Stonehenge - Angelo Salutante

Year of Release: 2001
Label: Nail Records
Catalog Number: NailCD 006
Format: CD
Total Time: 61:20:00

Whadda ya know? Progressive metal all the way from Hungary, born and bred under the sign of acts such as Dream Theater and Rush, delivered with an impeccable sense of professionalism, and including a multimedia application with a gorgeous video for one of the band's songs. Enter Stonehenge, the latest contender in the overcrowded field of new prog metal ensembles.

There was once a time when this field of music and its exponents were widely strewn across the sound spectrum and barely managed to have their borders overlap brazenly, but all of a sudden, with the explosion of a certain Dream Theater, things began to get less distinctive, as young new acts struggled to either inject something new into the scene or perfect the approach. Most of them fell flat on their faces, on the run, dried up, and withered away; at least in the public eye. So the question lies open for all minds to ask: what's the deal with this one?

Well, Stonehenge is the kind of band that really doesn't sound like any other act specifically, but which doesn't sound too original either. Even singer Balázs Bóta is reminiscent of several other vocalists at some point during the record; the list of these include the likes of James Hetfield, James LaBrie, and John Bush, and being conferred the melodic gentility that has gradually become the norm for polished progressive metal. Because it is exactly that kind of music: heavy and yet melodious, headbanging at one point and gentle at another; dense here and sparse there, but always with the glossy compressed production and keyboard embellishments that get the fans of modern progressive metal screaming their lungs out.

The problem is that such an approach is completely safe by today's standards. Sure, "Wendigo" has that unforgettable chorus line that one keeps repeating for days after first listen, and "Between Two Worlds" has this really accessible quality that is half Dream Theater and half Rush with another unmistakable set of vocal lines, but it's all too predictable, too planned out, and ultimately lacking in spark. Of course, that could just be the cynical, jaded side of my overblown ego speaking, and many people will doubtlessly eat this up just like another batch of hot pancakes, but I fear that few can argue that Stonehenge is the latest revolutionary dynamite to blow up the progressive metal scene.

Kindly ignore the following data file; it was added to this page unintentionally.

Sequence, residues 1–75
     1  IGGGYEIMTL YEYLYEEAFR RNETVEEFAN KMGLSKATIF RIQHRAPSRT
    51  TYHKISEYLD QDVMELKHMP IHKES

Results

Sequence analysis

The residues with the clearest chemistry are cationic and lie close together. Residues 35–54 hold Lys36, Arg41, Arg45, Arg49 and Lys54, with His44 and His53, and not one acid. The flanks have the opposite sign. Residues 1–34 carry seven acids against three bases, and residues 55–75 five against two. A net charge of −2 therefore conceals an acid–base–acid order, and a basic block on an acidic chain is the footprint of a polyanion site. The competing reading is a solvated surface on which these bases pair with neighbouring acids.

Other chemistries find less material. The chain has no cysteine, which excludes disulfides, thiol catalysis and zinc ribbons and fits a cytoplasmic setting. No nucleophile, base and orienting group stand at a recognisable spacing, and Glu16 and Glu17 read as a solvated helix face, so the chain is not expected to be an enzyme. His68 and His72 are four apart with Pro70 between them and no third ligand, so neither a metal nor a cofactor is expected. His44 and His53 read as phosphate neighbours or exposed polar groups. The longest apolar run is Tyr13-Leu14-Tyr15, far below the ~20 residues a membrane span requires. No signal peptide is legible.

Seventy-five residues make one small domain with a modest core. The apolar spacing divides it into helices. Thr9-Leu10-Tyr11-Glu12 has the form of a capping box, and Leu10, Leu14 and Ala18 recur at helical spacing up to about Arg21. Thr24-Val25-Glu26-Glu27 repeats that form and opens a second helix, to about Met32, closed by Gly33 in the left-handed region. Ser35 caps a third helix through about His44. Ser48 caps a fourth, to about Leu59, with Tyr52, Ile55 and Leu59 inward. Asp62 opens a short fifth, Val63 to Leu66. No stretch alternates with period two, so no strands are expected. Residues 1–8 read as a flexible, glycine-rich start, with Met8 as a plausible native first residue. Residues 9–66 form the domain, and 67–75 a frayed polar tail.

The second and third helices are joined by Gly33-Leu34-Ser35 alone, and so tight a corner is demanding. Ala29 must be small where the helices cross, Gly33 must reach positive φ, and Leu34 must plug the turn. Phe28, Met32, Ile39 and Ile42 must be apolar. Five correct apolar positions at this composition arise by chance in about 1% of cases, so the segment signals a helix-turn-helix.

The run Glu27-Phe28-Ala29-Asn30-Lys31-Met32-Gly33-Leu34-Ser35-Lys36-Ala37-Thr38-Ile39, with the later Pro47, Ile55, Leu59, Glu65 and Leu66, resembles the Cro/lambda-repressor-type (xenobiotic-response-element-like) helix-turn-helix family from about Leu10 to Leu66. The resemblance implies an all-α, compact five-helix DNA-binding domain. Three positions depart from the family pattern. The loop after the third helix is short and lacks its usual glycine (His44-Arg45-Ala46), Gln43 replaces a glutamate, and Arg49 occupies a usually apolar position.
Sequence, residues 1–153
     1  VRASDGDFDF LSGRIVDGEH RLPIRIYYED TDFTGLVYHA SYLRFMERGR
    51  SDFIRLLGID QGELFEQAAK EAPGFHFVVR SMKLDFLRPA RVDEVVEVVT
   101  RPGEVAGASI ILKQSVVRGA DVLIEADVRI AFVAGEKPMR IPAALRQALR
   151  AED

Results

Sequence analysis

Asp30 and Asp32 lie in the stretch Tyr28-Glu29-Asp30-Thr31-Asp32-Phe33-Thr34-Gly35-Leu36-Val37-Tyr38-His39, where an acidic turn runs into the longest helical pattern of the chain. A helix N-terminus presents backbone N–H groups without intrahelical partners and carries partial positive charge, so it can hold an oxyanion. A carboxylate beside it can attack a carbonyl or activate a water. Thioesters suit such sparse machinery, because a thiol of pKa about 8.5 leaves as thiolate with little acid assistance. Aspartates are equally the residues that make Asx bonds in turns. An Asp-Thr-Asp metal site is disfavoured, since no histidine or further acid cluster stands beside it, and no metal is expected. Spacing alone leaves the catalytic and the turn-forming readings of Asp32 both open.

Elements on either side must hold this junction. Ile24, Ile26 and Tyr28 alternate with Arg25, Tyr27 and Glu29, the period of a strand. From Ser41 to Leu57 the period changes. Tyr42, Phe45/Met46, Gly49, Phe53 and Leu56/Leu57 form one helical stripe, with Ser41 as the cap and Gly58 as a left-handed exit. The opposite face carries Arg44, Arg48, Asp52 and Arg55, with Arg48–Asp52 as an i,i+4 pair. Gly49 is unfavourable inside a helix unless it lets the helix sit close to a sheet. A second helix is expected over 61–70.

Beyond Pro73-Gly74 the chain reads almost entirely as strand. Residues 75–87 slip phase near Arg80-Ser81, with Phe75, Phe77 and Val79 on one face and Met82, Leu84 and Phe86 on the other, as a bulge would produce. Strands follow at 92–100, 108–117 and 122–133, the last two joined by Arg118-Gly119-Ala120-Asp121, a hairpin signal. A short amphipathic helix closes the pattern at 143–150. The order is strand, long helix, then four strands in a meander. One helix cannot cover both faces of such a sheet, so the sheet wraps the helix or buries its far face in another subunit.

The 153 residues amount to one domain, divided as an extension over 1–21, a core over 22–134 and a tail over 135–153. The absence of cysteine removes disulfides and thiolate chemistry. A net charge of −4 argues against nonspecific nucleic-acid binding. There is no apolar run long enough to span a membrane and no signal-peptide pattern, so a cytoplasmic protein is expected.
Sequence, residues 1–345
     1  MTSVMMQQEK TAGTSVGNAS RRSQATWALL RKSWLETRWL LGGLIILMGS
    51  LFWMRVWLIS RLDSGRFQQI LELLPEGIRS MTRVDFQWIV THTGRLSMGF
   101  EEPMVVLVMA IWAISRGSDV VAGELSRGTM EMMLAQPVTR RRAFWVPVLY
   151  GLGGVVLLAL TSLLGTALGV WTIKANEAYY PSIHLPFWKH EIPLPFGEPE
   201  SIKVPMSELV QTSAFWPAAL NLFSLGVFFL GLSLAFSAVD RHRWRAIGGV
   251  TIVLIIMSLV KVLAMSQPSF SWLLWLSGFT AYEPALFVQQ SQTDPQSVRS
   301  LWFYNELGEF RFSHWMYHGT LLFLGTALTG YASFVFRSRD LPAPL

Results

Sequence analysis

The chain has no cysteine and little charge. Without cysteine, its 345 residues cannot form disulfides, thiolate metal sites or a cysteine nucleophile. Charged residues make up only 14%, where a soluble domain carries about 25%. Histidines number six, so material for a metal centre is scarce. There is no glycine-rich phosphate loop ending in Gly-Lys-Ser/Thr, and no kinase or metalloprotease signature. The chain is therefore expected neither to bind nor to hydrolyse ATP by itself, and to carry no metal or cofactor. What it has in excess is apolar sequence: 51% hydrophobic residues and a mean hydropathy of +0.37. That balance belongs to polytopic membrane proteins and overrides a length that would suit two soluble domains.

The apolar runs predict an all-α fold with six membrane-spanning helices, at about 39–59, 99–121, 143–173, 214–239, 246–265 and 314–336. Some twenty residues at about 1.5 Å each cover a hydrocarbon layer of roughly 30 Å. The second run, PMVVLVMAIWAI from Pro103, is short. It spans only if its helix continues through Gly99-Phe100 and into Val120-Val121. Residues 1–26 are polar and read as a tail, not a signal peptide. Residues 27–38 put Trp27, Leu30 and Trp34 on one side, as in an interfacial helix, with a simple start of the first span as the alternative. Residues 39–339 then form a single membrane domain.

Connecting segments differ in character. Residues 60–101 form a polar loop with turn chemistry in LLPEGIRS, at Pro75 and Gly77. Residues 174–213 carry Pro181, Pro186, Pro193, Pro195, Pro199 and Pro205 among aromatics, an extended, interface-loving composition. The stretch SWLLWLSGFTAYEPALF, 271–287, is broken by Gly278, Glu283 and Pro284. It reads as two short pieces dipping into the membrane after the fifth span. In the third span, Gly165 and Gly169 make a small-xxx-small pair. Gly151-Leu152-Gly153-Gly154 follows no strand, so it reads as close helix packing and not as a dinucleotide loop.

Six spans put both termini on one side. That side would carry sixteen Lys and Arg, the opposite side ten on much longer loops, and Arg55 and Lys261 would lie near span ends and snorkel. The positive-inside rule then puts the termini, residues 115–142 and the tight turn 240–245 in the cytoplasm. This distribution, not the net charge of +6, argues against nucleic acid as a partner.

That, however, does not mean that this Hungarian quintet doesn't have the goods and could suddenly explode upon us with a breathtaking album sometime soon. The slight time signature hint of Messhuggah that appears in grinding distortion throughout certain moments on Angelo Salutante, as well as the awesomely impressive and threateningly majestic beginning of "Full Moon," inspiring images of old Magyar gates opening in ominous motion, prove that Stonehenge can do it with the best of them when necessary ... it's just that the spark remained hidden for too long this first time around.

Similar Artists: Dream Theater, Pain of Salvation

Invocation (1:29) / Newcomer (7:37) / For Another (4:48) / Wendigo (6:51) / Angelo Salutante (2:13) / Angels (5:01) / Full Moon (5:26) / Whisper (3:42) / Between Two Worlds (6:09) / Rambling (7:20) / Fly (6:48) / Yellow (3:55)

Balázs Bóta - guitars
Zoltán Bátky - vocals, samples
Ádám Baki - keyboards
Kristóf Szabó - drums
Bertalan Temesi - bass

Angelo Salutante (2001)
Nerine (ep) (2005)

Genre: Progressive-Power Metal

Origin HU

Added: May 18th 2002
Reviewer: Marcelo Silveyra
Artist website:
Hits: 652
Language: english


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